Finally, I arrived in a well lit reception area with other patients. Drats, I wasn’t first but I got called in right away. The bathroom experience was dreadful but they were quick to remedy the situation. Needless to say, I didn’t do any tipping. And off in the distance I heard a raspy voice of a woman who called me in to get squeezed.

I followed this woman into the examining room and she gave me instructions. The sound of Regis blared on a dusty old radio in the corner of the room. I asked, what is that noise. She looks at me and kept fiddling with the machines. It was a whole 5 minutes before she introduced herself to me, but that was cool.

She went about about her work with the utmost confidence and ease. In order to make myself comfortable, I decided to strike up a conversation and introduced myself. She apologized and told me her name was Doris. I learned that Doris was in her 60s and had been fiddling with mammaries for 40 years. My comfort level went from nervousness to extreme calm. Fear not because Doris was in charge and she handled those controls as if she were a captain of a ship. Aye Captain.

I felt safe with Doris because she knew what she was doing. She made me feel comfortable. I was in and out of there in a flash. Holy compression! It’s all about compression……so sayeth the journal article on the wall. Compression has been her life, but I managed to get her to smile even if she seemed at the surface somewhat grumpy. Doris was cool in my book.

I smiled and said, you’re the best. And I sped off in my car with a thought of coming back next year. Can you believe that? Construction be damned. As long as Doris is there, I’ll be back next year and the year after. Now I get to go play poker in Boca Raton in August in association with a live auction for cancer prevention. More on that story later.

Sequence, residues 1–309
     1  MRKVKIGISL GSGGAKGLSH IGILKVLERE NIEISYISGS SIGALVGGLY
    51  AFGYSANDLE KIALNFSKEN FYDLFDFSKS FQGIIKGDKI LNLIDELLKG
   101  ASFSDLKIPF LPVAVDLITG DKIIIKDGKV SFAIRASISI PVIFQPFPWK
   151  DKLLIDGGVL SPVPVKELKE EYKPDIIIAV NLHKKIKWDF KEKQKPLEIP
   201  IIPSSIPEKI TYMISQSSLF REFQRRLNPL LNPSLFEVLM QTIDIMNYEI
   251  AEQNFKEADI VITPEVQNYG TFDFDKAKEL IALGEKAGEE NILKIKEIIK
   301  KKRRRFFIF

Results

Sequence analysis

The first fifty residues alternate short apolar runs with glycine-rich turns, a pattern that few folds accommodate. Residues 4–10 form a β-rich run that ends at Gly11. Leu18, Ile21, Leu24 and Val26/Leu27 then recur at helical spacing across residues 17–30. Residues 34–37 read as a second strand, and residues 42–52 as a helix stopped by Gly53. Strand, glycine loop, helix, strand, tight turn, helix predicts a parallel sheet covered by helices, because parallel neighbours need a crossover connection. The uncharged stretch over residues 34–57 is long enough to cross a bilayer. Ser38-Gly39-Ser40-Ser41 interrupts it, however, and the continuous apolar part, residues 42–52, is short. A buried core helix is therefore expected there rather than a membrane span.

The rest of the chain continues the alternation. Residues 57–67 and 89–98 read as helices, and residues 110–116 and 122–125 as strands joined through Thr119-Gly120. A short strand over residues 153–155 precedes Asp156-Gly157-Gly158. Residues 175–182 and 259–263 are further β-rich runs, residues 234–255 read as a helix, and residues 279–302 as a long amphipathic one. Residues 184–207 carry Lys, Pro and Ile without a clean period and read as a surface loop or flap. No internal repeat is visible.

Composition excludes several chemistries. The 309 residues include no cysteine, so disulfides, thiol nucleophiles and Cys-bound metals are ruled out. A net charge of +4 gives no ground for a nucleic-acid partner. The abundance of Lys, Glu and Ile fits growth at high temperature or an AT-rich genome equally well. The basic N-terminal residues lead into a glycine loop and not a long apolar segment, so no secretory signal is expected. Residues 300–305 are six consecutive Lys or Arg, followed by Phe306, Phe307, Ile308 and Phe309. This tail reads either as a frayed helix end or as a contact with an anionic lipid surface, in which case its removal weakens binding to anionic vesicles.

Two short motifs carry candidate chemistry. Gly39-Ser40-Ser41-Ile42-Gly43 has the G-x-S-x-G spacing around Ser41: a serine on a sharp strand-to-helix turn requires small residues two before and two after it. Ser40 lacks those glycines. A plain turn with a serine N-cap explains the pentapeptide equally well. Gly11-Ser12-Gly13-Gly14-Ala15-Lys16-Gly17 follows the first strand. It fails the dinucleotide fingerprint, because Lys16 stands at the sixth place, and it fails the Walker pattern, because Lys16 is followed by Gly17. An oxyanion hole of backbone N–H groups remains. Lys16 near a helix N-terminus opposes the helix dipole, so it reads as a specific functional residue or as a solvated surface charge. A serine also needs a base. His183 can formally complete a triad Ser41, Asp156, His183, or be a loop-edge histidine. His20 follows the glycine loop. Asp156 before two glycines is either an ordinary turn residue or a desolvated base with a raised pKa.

Grace Jones – Corporate Cannibal

July 10th, 2008

Greetings, Corporate Cannibal is awesome. Grace is back and in black and white too. This is going down as new classical Grace in my book. Grace is delivering ambient, avant garde, funk with rock subtexts and rhythms to die for. Corporate Comrades, don’t turn the other cheek! Put some Grace in your face.

Stage Fright

July 7th, 2008

Stage Fright or ‘Fright Night’ as it sometimes feels like is something that I deal with constantly. It’s this little private war that goes on in my brain. The little grey cells deceive me. It’s similar to the nervousness that I get when flying in a plane but that’s whole separate conversation. It’s the fear of failure and/or high expectations. Somehow I manage to pull it all together, naked feelings and all.

When I’m on stage there are funny feelings in my stomach and I feel like one of those drones from George A. Romero’s Night of the Living Dead. It lasts for about 10 seconds than it goes away. During those 10 seconds all hell breaks loose in my head. Am I going to forget the lyrics? Am I going to stumble and fall over my own feet? Will I stutter? What if they don’t like me? Will I be able to open my mouth? And it lasts for just 10 seconds. I wrote a song about it. It’s called Dark Caverns.

But alas, I take my brain out of the deep freeze and do the job that I was called to do at that critical moment. I stand tall…… okay not so tall, and deliver. When I am in my element, which is when I am singing I am totally connected because I am doing what I truly enjoy the most. La Voz (the voice) takes over and the spirit of the moment is seized.